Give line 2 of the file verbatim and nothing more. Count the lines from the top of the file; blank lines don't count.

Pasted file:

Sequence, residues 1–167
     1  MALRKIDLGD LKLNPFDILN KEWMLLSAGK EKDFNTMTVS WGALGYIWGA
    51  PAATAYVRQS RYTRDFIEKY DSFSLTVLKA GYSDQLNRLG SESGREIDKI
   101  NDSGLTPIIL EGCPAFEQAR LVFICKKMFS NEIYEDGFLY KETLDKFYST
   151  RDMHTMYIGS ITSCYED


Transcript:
     1  MALRKIDLGD LKLNPFDILN KEWMLLSAGK EKDFNTMTVS WGALGYIWGA